Tuesday, March 23, 2010

Wrinkled (W) or tight (T)

There's not much to say about the tight or T skin type. You have no wrinkles and no sagging, and we all envy you. So let's focus on the wrinkled or W skin type.

How do we define aging skin? It is skin that has...
  • dermal and epidermal atrophy (sagging, wrinkling, coarseness)
  • reduction in amount of collagen
  • hyperkeratosis (thickening of the stratum corneum)
  • reduced number of melanocytes, Langerhans cells, and fibroblasts
  • shortening of the telomeres on our chromosomes
  • reduction in sebum production
What causes aging? There's the natural deterioration of our bodies as we age - it's theorized this has to do with the shortening of the telomeres on our chromosomes (the specialized structures that shield the end of our chromosomes), but there's nothing we can do about that! It's a genetic thing, and it's the stuff of science fiction that we can play with those telomeres to extend our lives or our appearance.

We can control the effects of the external world on the aging process, so let's take a look at our exposure to various chemicals and the sun and how it affects our skin.

Photo-aging is defined as aging due to exposure to the sun. UVA light (longer wavelength, 320 to 340 nm) penetrates deeper into our skin to mess with the keratinocytes and dermal fibroblasts (these are cells that give skin its strength and resilience). It also acts to generate reactive oxygen species in our skin (like the superoxide anion, hydroxyl radicals, and peroxides), which can provoke DNA damage. UVA produces long term actinic damage (the photo-chemical effects of exposure to the sun) and melanin formation or tanning.

UVB light (a shorter wavelength, 280 to 320 nm) can also generate reactive oxygen species, and can damage DNA directly. It contributes to immunosuppressive, mutagenic, and carcinogenic effects of sunlight. UVB light is the main cause of acute sun burn and sun tanning effects - UVA light makes up about 15% to 24% of these effects.

Reactive oxygen species lead to the depletion of skin's natural anti-oxidant system, which causes oxidative stress, which can lead to tissue damage.

Too much sunlight can also result in an inflammatory response, either by sunburn or through overexposure. Inflammation can result in a sunburn - redness, swelling, and pain - or in the break down of collagen, elastin, and hyaluronic acid. Once these are broken down through inflammation, it's really hard to build them back up.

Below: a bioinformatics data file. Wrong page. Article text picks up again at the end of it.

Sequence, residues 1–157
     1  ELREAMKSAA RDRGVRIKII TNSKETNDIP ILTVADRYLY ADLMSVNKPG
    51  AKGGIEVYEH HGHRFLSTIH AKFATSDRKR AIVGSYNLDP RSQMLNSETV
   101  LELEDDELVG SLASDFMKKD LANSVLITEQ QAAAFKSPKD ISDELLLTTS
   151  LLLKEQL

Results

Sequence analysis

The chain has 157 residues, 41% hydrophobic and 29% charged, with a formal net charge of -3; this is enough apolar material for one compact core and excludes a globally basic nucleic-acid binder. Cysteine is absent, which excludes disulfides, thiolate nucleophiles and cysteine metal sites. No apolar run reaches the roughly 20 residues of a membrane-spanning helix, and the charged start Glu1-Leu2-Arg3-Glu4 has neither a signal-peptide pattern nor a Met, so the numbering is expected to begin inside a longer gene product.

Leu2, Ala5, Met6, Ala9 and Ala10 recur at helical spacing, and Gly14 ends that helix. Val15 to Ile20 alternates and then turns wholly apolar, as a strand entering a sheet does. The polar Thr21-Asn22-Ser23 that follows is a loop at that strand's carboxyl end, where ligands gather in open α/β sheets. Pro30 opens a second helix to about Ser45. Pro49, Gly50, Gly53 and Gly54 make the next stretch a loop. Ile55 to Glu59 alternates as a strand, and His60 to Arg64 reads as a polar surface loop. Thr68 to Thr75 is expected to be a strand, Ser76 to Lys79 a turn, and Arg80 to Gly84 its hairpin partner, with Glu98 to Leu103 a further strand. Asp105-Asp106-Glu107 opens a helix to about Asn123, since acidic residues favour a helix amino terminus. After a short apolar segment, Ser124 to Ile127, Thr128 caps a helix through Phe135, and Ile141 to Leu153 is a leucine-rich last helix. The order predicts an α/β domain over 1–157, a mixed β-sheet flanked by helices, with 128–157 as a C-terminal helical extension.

All three can be maintained by use of topical retinoids. Collagen can be maintained by Vitamin C (oral or topical), or copper peptide. Oral glucosamine may help maintain our levels of hyaluronic acid. But nothing can rebuild lost elastin, oral or topical.

Sunburns are particularly awful for our skin. Sunburn is defined as chronic inflammation with the release of proteolytic enzymes of the inflammatory system that disrupts the dermal matrix (collagen, elastin, and hyaluronic acid). The redness, or erythema, is produced by the inflammation.

How do you know if Mr. Sun is the culprit in your skin concerns? Here are a few symptoms (other than a deep sunburn)...
  • actinic keratosis - thick or scaly patches on your skin
  • solar elastosis - vertical creases, deep wrinkles, or loose and sagging skin (thanks to the breakdown of collagen and elastin)
  • yellowing of your skin
  • senile purpura (age spots)
  • solar comedones - small cysts on our skin (treat with acne related products)
  • broken blood vessels - like those found in rosacea type skin
  • extreme dryness, roughness, or laxity of the skin
  • fine or coarse wrinkles (not really all that helpful 'cause we all get these!)
How can we treat aging or wrinkled skin?

Moisturize! Use those oils, butters, humectants, and cationic ingredients to make your skin feel well hydrated and smooth. Our sebum production drops after about age 50, and is almost down to nothing by age 70. Moisturize often and well!

Use surface smoothing agents like quaternary compounds, hydrolyzed proteins, and silicones to treat skin roughness.

Retinoids, topical and oral, can help reverse fine wrinkles, skin pigmentation issues, and rough skin surfaces. But there are lots of lovely side effects to topical retinoids that almost everyone will see such as inflammation, scaling, and redness. (I used prescription Retin-A for quite a few years to help with acne, and it ruined my skin permanently! Not that this will happen to you!)

Alpha- and beta-hydroxy acids, which will remove superficial layers of skin to exfoliate. You can also use light exfoliation to accomplish this goal.

Although some studies show that topical anti-oxidants aren't as effective as taking oral anti-oxidants (specifically Vitamin C), we can use Vitamin C, Vitamin E, CoQ10, and the plant anti-oxidants, specifically green tea polyphenols, soy isoflavones like genistein and daidzein, pomegranate oil or extract tannins, and resveratrol in grape seeds.

UV protection is essential! Use at least 15 to 20 SPF every single day!

Join me tomorrow for formulating for your skin type!


Anonymous said...

I'm curious as to what side effects you had with Retin-A since I also used it for several years, along with the incredibly scary Accutane (not my choice, i was a minor). What long term effects have you noticed? It was only several years ago that I stopped taking these, and I worry that negative side effects are waiting to unveil themselves with age.

Susan Barclay-Nichols said...

Hi Anonymous. I've not noticed any ill effects, except for having really sensitive skin. My skin is probably slightly less wrinkled than other women my age but I attribute this to three things - Botox for headaches on my forehead, staying out of the sun, and having chubby cheeks! So if I were to say anything about using Retin-A I'd say it has made my skin more sensitive.